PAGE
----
Visa and Mastercard, two of the world’s leading credit card companies, are set to increase their fees, directly affecting many businesses.
Starting in October and again in April, these companies plan to raise the costs merchants have to pay when their customers use credit cards.
This change will be particularly noticeable for online transactions.
This fee hike could lead to businesses shelling out an additional $502 million yearly, as consulting firm CMSPI estimated.
Of this amount, over half will come from increases in network fees, the cut kept by Visa and Mastercard.
The rest will be from increased interchange fees, which are the costs merchants pay every time a customer swipes their credit card.
These costs are mostly invisible to the consumer. However, they are a key point of contention between the card networks and businesses, ranging from mammoth online retailers to small corner coffee shops.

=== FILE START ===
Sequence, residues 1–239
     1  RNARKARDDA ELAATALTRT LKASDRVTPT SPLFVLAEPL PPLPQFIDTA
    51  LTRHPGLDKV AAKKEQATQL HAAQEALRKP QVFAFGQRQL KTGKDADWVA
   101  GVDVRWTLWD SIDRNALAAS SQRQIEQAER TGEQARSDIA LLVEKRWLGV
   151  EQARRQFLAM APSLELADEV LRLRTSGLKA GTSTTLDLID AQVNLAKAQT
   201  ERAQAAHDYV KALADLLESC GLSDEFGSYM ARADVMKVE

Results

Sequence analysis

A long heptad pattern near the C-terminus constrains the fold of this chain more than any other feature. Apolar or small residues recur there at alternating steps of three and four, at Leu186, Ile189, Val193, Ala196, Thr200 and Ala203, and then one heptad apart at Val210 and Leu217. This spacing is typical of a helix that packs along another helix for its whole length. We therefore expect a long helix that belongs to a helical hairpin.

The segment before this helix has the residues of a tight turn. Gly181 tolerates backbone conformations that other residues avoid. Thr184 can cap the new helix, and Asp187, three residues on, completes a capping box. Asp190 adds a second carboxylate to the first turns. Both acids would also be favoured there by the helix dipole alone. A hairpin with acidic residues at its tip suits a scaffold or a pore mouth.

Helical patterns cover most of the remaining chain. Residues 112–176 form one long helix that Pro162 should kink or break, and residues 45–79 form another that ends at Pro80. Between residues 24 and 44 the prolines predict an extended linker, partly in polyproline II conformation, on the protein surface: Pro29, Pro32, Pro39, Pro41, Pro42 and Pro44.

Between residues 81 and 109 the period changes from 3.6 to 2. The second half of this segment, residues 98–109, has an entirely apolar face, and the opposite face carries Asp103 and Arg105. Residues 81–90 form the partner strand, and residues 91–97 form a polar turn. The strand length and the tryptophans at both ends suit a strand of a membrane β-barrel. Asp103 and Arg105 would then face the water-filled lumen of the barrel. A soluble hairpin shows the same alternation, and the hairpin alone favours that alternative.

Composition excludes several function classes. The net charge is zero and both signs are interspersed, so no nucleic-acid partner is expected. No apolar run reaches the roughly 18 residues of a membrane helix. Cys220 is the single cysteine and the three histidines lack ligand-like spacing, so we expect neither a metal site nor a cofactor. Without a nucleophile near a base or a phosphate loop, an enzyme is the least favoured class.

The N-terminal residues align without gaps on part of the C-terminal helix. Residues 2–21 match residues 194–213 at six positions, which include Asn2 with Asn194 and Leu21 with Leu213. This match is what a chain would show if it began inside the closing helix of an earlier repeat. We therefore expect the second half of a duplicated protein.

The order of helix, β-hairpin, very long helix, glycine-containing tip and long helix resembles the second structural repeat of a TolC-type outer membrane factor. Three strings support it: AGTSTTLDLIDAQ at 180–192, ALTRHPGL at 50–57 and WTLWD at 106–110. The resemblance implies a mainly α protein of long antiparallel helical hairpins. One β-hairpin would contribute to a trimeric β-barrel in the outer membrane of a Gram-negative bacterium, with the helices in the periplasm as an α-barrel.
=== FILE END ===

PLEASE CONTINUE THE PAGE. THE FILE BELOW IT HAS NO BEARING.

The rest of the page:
According to the Nilson Report, U.S. businesses paid a staggering $93 billion in Visa and Mastercard credit card fees last year, a dramatic increase from the $33 billion paid in 2012.
Unfortunately, businesses often pass on some of these costs to customers through higher prices.
Visa, Mastercard, and large banks justify these fees as necessary to cover fraud prevention and innovation expenses.
Furthermore, banks often use the revenue from interchange fees to fund popular credit card reward programs.
However, with the current economic climate of inflation and high interest rates, many businesses are concerned about the impact of these rising fees.
This has caught the attention of Congress, and new legislation has been introduced that could potentially allow merchants to process Visa and Mastercard transactions through alternate, and potentially cheaper, networks.